By Steve Blanchard - February 10, 2023
With the announcement of its new 775-acre Global Innovation Center in Pasco County, Moffitt Cancer Center shared that its newest location will feature proton therapy. The innovative therapy is used to treat cancers while sparing healthy tissue.
A transformational philanthropic gift of $15 million from the Richard M. Schulze Family Foundation has helped get this proton therapy project off the ground. Moffitt plans to have its proton therapy unit functional by 2026.
"This exciting new technology allows us to extend our clinical and research expertise into proton therapy, bolstering Moffitt’s position as a leader in personalized and adaptive radiation therapy as we seek to continually provide the best possible patient outcomes."- Dr. Patrick Hwu, Moffitt President and CEO
“This exciting new technology allows us to extend our clinical and research expertise into proton therapy, bolstering Moffitt’s position as a leader in personalized and adaptive radiation therapy as we seek to continually provide the best possible patient outcomes,” said Dr. Patrick Hwu, president and CEO of Moffitt. “We expect this center to be a vital resource for the Tampa Bay community, the state, the nation and the world, enhancing care opportunities for the millions of patients served by the Moffitt network and all our multidisciplinary programs.”
Proton therapy is used to treat a growing number of cancers throughout the body, Hwu said. But it is especially impactful when treating areas where cancerous lesions are close to other vital structures. Using protons minimizes damage to healthy tissue surrounding a cancerous lesion, impacting only the targeted area.
“It’s a 50-ton piece of technology that takes the proton and accelerates it in larger and larger spirals to make it faster until it becomes a very high-speed projectile,” Harrison said. “It organizes the protons into beams that you then direct into the body of a tumor.”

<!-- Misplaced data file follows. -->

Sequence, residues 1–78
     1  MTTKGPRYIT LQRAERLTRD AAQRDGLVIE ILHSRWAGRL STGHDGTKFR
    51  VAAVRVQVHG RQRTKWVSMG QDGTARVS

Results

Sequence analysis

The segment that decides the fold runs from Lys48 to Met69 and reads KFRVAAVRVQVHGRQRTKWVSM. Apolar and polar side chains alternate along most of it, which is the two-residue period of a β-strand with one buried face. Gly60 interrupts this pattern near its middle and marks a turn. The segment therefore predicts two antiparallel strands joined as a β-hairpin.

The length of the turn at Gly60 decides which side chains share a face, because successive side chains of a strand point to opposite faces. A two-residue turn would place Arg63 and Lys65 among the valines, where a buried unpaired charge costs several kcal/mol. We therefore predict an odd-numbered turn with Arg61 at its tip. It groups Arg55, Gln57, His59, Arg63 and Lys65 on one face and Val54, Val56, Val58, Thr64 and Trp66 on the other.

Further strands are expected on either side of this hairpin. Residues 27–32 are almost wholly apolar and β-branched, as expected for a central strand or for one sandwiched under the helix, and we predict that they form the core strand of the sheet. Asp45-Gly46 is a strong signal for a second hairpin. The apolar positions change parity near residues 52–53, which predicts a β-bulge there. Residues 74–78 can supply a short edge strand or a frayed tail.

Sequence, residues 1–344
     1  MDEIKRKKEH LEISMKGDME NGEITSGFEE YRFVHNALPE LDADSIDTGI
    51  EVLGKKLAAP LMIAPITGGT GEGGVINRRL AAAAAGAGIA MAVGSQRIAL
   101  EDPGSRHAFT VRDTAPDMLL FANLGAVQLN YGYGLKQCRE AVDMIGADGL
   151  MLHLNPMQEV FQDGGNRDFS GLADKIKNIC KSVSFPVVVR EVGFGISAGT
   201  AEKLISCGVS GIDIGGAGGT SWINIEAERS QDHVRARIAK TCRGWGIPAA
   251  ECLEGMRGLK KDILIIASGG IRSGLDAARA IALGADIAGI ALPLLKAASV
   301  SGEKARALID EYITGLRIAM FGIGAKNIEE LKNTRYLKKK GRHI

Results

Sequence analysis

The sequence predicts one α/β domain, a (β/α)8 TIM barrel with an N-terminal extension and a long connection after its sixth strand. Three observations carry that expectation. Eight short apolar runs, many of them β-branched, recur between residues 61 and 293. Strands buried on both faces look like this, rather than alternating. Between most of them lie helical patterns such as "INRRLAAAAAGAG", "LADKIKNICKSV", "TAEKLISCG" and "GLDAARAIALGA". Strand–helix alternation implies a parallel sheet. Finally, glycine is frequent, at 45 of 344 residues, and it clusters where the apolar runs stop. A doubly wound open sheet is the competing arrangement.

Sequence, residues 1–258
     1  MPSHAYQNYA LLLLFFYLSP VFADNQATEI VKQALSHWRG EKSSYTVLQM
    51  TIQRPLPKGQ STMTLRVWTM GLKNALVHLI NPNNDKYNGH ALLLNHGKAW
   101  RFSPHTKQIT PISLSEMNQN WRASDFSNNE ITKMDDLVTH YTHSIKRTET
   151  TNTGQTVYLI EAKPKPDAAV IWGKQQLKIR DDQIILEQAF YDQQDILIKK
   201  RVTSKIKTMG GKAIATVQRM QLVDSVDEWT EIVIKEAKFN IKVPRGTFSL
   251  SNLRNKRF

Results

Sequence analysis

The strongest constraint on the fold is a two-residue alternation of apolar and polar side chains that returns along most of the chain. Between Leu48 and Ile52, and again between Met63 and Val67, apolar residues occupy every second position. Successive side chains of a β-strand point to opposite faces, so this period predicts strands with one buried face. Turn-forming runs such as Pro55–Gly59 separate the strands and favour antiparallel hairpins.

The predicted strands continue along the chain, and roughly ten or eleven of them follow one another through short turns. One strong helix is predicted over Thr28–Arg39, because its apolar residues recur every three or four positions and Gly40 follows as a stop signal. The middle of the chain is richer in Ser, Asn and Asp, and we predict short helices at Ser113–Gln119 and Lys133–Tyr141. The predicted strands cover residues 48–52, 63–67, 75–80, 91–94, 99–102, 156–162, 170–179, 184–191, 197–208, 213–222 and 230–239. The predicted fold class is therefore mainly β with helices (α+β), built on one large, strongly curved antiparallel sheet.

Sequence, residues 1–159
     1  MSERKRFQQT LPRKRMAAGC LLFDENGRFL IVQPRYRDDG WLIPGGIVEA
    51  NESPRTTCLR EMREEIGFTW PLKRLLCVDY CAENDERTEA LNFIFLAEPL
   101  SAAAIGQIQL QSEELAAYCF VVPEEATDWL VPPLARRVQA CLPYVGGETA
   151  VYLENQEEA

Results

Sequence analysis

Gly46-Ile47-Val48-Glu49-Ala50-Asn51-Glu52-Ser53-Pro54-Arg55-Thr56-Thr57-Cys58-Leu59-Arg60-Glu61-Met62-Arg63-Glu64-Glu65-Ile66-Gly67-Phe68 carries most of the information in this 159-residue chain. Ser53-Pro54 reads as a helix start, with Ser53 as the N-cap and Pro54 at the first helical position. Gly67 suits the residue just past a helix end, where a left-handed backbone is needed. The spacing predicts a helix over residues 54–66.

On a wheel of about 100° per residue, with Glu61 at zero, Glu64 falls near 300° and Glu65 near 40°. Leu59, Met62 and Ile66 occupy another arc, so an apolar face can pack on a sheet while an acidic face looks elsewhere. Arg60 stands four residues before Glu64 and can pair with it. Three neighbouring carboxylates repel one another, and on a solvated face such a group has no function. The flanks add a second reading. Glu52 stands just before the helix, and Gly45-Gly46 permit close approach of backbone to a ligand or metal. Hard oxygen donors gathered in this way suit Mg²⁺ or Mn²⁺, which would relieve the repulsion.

The precision to which this therapy is used lessens damage to surrounding healthier tissue, Harrison said. This is especially useful when a cancerous tumor is near a vital organ.
"Imagine the spinal cord is next to the tumor, and you want to give all the radiation to this, you want to give no radiation to the spinal cord."- Dr. Louis Harrison, Chair Emeritus, Radiation Oncology Department
“Imagine the spinal cord is next to the tumor, and you want to give all the radiation to this, you want to give no radiation to the spinal cord,” Harrison said. “Proton therapy focuses all the radiation in one spot or one very specific geographic area and gives almost no radiation to the nearby organs. In those situations, proton therapy offers enormous advantages.”
Like many cancer treatments, proton therapy is evolving, and scientists, doctors and researchers are constantly perfecting its use. It’s also not a treatment used in all cases, but its evolution is opening more opportunities for patients, Harrison said.
“There are opportunities for immunotherapy and radiation to work in special ways together because of the activation of the immune system,” Harrison said. “There’s been a new development called flash, or the ability to accelerate these protons and deliver the entire treatment in two seconds. That’s just amazing. We have to understand the biology more and we have to study this more, but it seems to be the case that when you use these very high dose rates, the damage to the tumor remains, but the damage to the surrounding tissues goes down dramatically.”
Speros FL is under construction in Pasco County and will boast 140 buildings that will feature clinics, research, housing and more. Approximately 500 of the 775 acres will be developed, leaving 35 percent of the land for environmental conservation. The location off Ridge Road in Land O’Lakes will be convenient to Tampa Bay area commuters and visitors alike, Hwu said.
The new campus is scheduled to see its first patients in 2025 with the proton therapy unit opening the following year.